By Dr. Mercola
Earlier this year, Coca-Cola Company rolled out an ad campaign encouraging people to unite in the fight against obesity. The irony of the situation was not lost on most people however, and the ads drew fire from consumers, consumer advocates and obesity experts1,2 alike.
After all, there’s no doubt that soda is one of the primary beverages responsible for skyrocketing obesity rates, and Coke’s campaign was seen as little more than an effort in damage control.
Soda sales are down, and Coca-Cola should be applauding this fact as it is matched by some small improvements with our childhood obesity rates. Instead, they are marketing sodas harder than ever to make up for lost sales.
Coca-Cola believes a calorie is just a calorie, and if you consume more than you burn – that’s why you become obese. In other words, their products and marketing to children are not to blame – the problem is that Americans just don’t exercise enough.
Now, Coca-Cola Co. has launched another ad campaign—this time to assure consumers that its no- or low-calorie beverages containing the artificial sweetener aspartame are a safe alternative.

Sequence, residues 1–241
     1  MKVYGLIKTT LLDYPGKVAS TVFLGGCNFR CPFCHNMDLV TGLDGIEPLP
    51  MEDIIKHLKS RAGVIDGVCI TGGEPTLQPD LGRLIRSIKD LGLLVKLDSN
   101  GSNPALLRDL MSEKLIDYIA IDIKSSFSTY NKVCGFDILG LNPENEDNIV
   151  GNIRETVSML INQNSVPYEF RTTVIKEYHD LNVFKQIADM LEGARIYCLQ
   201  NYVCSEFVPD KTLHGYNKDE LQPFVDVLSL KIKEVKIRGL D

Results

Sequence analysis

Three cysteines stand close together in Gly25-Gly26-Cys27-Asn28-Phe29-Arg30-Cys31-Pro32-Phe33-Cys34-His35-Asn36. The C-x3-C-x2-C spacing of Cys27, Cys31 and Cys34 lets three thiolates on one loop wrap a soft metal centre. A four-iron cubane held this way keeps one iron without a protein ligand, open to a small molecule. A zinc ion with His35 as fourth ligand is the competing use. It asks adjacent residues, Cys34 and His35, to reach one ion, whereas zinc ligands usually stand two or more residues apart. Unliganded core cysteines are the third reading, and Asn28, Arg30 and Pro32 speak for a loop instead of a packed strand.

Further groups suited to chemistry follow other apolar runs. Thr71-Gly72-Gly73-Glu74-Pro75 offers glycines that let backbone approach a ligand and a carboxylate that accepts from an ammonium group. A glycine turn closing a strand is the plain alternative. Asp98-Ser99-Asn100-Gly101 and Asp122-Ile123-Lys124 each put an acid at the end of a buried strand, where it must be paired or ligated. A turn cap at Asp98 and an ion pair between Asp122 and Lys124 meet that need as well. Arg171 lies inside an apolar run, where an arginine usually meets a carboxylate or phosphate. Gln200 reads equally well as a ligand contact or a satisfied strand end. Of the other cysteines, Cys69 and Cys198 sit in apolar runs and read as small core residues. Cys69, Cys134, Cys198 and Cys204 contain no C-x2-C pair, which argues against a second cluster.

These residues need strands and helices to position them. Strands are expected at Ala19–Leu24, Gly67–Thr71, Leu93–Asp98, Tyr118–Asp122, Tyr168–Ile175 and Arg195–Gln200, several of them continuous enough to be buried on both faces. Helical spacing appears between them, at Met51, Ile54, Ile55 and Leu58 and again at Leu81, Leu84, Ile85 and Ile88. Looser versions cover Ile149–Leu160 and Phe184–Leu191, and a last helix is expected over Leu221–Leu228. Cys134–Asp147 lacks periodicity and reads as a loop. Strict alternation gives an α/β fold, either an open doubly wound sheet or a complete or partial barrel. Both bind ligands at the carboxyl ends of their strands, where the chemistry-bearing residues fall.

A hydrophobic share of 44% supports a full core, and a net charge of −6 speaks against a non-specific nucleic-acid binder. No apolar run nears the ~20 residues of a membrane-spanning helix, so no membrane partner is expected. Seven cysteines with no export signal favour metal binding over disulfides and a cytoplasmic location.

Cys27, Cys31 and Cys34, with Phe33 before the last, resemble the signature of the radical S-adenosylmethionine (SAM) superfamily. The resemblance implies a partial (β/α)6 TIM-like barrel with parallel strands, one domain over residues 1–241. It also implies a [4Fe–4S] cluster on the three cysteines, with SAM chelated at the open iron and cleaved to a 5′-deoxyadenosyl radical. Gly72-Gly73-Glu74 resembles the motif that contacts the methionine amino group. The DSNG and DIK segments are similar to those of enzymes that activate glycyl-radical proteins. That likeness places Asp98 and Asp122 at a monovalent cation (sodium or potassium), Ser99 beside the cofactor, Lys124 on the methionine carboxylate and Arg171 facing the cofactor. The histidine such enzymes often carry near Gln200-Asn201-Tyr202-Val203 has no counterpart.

As reported in the featured article by AdWeek3:
“It’s Coca-Cola’s first ad explicitly defending its use of artificial sweeteners in an ad, but the print execution is an extension of the company’s campaign, launched this January, to combat detractors who blame it for contributing to obesity, by pointing to the host of diet and other beverages it sells beyond traditional, sugary cola.”
According to the ad, aspartame is a “safe, high-quality alternative to sugar.” Clearly they’ve not reviewed the hundreds of studies on this artificial sweetener demonstrating its harmful effects… Center for Science in the Public Interest’s (CSPI) Executive Director Michael F. Jacobson issued the following statement in response to Coca-Cola’s new ad4:
We certainly want Coca-Cola to shift its product mix toward lower- and no-calorie drinks, but aspartame’s reputation isn’t worth rehabilitating with this propaganda campaign. The company would be better off phasing out its use of aspartame and accelerating its research into safer, natural sweeteners such as those extracted from the stevia plant.”